If you are ever in the process of replacing a bulb on a dimmer circuit you may be wondering which bulbs are suitable to replace it with since not all bulbs can be dimmed.
While most light bulbs can be dimmed under the correct conditions there are instances where bulbs simply aren’t meant to be dimmed.
All incandescent and halogen bulbs can be dimmed on any dimmer since their construction is based on an electrically resistant tungsten filament. LEDs and CFLs bulbs are not always dimmable since they are electronic loads and aren’t compatible with a lot of common dimmers.
While this is the general answer to which bulbs can be dimmed it doesn’t give you a very comprehensive idea of why this is.
In this following article, we will go through all these bulbs individually and explain what makes them dimmable or not dimmable in more depth.
Are Incandescent Bulbs Dimmable?
Being the oldest and formerly the most popular type of bulb it makes sense to start by discussing the incandescent bulb.
All incandescent bulbs are dimmable with an effective dimming range of 0-100% of their total light output. This is because incandescent bulbs produce light through a tungsten filament which glows and “incandesces” once it reaches a high enough temperature.
Tungsten is a very robust and durable material, which makes it a suitable pick for a bulb like this since the temperature the filament reaches can be quite high. Click here for our article on Why Tungsten Is Used In Light Bulbs.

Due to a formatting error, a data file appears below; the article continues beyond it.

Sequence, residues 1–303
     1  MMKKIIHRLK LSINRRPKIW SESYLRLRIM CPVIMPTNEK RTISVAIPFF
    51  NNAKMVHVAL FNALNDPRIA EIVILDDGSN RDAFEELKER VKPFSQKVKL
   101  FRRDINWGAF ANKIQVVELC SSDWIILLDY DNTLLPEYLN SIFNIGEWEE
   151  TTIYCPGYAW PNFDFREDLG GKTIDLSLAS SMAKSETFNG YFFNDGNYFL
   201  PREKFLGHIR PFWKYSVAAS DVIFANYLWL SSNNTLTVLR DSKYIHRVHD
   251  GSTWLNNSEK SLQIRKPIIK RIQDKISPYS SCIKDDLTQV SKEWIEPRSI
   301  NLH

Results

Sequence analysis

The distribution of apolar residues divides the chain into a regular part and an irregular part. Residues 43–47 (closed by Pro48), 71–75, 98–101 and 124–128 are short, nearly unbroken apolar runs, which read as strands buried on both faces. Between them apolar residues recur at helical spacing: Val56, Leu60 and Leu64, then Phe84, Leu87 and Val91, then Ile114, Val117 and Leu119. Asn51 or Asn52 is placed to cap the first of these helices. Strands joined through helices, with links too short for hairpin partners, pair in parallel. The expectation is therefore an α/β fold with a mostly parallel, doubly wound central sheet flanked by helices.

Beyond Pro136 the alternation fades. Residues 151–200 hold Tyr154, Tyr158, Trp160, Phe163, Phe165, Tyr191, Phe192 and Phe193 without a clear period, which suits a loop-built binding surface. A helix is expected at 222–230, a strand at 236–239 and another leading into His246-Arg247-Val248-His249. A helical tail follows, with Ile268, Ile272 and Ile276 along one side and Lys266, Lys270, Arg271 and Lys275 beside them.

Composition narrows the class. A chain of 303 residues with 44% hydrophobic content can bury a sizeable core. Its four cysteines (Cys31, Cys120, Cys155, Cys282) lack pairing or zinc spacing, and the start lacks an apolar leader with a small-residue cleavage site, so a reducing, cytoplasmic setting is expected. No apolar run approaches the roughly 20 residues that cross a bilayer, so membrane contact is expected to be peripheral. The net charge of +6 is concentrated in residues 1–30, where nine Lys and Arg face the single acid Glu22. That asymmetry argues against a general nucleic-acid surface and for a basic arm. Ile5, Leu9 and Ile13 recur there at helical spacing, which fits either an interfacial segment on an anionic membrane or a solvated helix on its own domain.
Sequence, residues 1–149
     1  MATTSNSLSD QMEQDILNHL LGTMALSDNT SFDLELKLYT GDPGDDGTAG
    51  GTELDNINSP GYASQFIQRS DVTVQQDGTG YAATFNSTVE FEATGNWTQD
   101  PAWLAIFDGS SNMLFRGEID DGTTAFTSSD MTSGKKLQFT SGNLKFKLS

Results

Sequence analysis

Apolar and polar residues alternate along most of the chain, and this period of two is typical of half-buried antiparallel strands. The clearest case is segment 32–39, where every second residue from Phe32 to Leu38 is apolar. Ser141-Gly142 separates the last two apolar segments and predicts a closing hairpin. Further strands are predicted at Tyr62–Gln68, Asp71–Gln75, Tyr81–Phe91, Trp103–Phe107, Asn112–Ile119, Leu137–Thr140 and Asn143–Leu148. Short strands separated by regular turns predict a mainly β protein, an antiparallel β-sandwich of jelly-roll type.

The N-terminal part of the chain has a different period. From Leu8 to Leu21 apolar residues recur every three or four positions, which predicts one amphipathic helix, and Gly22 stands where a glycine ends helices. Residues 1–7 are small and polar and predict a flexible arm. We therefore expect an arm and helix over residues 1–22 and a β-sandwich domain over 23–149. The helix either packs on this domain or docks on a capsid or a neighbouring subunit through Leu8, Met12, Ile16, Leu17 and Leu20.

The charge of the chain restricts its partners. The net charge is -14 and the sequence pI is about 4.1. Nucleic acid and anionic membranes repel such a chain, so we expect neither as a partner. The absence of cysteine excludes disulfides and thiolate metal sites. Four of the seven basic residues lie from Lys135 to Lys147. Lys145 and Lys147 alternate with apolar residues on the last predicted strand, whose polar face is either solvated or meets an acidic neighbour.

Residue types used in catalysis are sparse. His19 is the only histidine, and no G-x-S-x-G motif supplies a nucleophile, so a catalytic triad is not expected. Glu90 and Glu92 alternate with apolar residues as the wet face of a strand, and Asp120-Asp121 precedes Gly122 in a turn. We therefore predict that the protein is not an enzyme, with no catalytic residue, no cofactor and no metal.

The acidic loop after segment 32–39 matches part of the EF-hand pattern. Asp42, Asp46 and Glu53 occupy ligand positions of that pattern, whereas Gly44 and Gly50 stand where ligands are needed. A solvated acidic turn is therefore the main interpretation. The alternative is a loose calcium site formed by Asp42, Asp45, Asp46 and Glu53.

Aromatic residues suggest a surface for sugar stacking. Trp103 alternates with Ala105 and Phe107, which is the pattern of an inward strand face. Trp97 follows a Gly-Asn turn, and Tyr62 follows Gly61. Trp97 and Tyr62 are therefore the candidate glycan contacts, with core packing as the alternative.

As mentioned, incandescent bulbs are able to be dimmed from 0-100% with practically any common dimming method. The dimming for the incandescent bulb is linear, meaning that if you decrease the power input by 20% the light level will also drop by that much.
This is different from bulbs based on electronic components and not pure electrically resistive loads due to how electronic components react quite differently to a decrease in power input.
Are LED Bulbs Dimmable?
When it comes to LED bulbs it really depends if they are dimmable or not, because some of them are and some of them are not.
In general, it is possible to dim LEDs like any other light bulb. They have an effective dimming range of 20-100% of their total light output. LEDs are also able to go to 0-20% but it is normally avoided since it ends up being less energy efficient at low percentages.
That said, LEDs are also an electronic load unlike incandescent bulbs, which means they require some specific conditions in order for proper dimming to take place.
Not all LEDs are designed to be dimmed. The difference between dimmable and non-dimmable LEDs lies within the driver that provides them with electricity.
The non-dimmable LED drivers are made to simply output an ON or OFF signal for its electrical current whereas a driver made for dimming is able to produce states of light between ON/OFF, such as 25/50/75%.
We have an entire article dedicated to If LEDs Bulbs Are Dimmable, which we recommend you go to if you want a more in-depth explanation than what is provided in this article.
As for the dimmable LEDs, they are normally dimmed in one of the two following ways:
- Phase Dimming (Pulse Width Modulation, PWM)
- Amplitude Width Modulation (AWM)
These dimming methods function quite differently. Pulse Width Modulation (PWM) works by modifying the length of the sinewave which provides the LED with power.
As you may be aware, LED lights do not continuously produce light when turned on. Without a high-frequency LED driver to bring up the frequency (Hertz, Hz) of the LED they normally turn on and off about 50-60 times per second. This is the equivalent of saying they run at 50-60 Hz.